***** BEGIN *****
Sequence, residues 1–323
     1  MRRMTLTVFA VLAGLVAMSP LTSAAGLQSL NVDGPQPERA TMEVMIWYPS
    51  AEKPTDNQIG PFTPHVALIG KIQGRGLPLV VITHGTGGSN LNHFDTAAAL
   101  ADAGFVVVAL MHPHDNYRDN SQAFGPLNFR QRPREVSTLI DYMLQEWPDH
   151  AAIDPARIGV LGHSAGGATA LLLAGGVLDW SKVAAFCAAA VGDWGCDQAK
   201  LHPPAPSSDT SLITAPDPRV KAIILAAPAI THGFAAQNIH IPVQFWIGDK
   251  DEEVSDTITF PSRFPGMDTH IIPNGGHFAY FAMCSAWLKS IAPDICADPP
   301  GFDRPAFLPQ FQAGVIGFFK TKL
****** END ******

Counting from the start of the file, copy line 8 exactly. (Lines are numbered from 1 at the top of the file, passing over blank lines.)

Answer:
   301  GFDRPAFLPQ FQAGVIGFFK TKL